Wednesday, February 27, 2008

Prelims: The Peanut Case

The Stud conducted his second preliminary hearing today. In fact, the judge specifically requested that the supervising Deputy District Attorney let the Stud conduct one. The testifying officer is actually a partner of the officer who testified at the Stud's first preliminary hearing.

This one involved a combination of Cal. Penal Code § 664 and Cal. Health & Safety Code § 11350. In other words, "attempted possession", specifically of rock cocaine in the form of cocaine base. This is a little different from straight possession, possession for sale, or sale, because no actual drug was transacted.

Now, at a preliminary hearing, typically the law is very much on the side of the prosecutor. All that is required at a preliminary hearing is for the prosecution to establish "probable cause", which is a lower standard than "reasonable doubt", the standard in effect in a criminal jury trial. This is similar to the lowered standard by which Federal grand juries indict federal criminal defendants.

Still, the Deputy Public Defender is tasked with the unenviable job of doing his best to win. Some DPDs, especially "green" ones, tend to object to everything in trying to be obstructionist (although there are rumors that this tactic has been adopted by many DPDs in the County of Los Angeles because that is how one of their trainers advocate their job), and even pursue lines of questioning at the preliminary hearing that would perhaps be more appropriate at trial.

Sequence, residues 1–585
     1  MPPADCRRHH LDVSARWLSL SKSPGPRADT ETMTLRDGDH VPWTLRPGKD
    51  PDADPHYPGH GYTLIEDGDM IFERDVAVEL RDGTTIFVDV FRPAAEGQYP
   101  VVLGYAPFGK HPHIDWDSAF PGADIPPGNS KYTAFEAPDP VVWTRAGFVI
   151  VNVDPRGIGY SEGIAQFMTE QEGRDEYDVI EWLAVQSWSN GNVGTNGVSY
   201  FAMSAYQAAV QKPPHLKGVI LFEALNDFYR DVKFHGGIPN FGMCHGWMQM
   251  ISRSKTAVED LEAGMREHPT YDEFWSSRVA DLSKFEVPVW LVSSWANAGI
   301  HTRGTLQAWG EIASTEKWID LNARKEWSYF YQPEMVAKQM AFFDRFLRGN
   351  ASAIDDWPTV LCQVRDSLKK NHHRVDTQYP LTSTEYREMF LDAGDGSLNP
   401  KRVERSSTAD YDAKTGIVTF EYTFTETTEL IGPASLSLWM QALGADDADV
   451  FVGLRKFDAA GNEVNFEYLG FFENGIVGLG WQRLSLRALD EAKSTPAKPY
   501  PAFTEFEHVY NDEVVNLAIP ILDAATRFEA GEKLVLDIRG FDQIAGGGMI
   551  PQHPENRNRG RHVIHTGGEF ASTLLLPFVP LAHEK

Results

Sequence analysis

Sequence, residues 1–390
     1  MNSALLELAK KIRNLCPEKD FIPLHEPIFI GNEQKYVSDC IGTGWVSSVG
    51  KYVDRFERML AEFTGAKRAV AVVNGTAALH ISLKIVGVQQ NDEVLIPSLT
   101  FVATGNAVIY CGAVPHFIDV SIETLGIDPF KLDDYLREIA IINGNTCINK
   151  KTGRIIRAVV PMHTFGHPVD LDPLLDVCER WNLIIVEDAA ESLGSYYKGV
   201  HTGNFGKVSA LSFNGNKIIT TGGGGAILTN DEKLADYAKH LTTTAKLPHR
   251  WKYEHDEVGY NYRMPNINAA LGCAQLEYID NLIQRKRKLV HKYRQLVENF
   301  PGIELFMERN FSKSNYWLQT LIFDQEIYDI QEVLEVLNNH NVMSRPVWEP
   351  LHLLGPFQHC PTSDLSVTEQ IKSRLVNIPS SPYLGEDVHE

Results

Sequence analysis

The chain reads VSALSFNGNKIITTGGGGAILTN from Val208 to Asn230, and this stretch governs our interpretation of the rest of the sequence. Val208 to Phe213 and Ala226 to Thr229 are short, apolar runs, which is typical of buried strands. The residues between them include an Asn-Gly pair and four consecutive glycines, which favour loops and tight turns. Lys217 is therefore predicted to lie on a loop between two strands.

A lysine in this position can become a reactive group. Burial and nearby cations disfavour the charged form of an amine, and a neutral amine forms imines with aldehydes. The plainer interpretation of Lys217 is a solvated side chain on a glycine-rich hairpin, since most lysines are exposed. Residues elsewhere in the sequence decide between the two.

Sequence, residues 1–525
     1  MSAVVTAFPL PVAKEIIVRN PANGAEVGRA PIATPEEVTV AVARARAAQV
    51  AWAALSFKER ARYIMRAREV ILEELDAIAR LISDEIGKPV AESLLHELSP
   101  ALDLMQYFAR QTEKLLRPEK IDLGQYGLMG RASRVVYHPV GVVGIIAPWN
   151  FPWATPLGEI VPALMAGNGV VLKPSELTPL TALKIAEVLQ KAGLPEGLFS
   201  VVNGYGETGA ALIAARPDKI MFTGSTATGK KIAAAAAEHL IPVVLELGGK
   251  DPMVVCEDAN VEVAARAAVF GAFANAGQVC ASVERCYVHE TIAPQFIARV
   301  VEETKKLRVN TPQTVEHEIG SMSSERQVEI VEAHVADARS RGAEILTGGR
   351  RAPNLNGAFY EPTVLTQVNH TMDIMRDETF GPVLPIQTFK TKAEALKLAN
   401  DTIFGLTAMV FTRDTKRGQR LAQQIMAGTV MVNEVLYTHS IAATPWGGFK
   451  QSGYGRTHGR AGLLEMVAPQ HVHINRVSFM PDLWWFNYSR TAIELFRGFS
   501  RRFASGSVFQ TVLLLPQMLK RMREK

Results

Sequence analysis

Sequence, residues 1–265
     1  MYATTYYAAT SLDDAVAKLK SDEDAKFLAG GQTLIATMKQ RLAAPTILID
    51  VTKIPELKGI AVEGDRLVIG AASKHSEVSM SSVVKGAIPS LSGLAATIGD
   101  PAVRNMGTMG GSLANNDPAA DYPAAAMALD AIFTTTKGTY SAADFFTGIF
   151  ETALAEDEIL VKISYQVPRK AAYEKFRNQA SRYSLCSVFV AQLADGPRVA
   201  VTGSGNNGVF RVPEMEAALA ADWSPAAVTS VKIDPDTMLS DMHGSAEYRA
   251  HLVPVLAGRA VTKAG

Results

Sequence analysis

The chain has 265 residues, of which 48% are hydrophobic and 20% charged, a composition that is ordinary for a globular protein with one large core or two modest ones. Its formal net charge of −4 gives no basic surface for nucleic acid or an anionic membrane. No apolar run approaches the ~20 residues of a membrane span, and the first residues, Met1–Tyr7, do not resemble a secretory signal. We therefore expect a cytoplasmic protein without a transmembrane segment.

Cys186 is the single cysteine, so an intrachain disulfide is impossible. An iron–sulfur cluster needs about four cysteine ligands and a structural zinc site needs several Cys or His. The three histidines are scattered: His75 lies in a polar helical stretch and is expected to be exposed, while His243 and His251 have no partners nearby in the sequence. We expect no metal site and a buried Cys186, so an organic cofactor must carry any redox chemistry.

In this case, the DPD argued that because the ersatz "nickel" of rock was never recovered from the defendant, there was no possession, and that in any case because the dope was fake, there could not have been possession. (First year students will recall this to be "impossibility", a point raised when the Stud chatted with Professor Goldman.)

Nevertheless, the charge was "attempted possession", so it was sufficient to show that the defendant actually paid money in exchange for the item (which the Stud established by a follow-on question in redirect), as it showed intent to possess and an overt act or substantial step. (First year students, look back to the "attempt" section of your Criminal Law outline.)

The result: The defendant was held to answer.

Track record: 2-0.

Note: The reason the prosecution referred to this as "the peanut case" is an exercise left to the law student.

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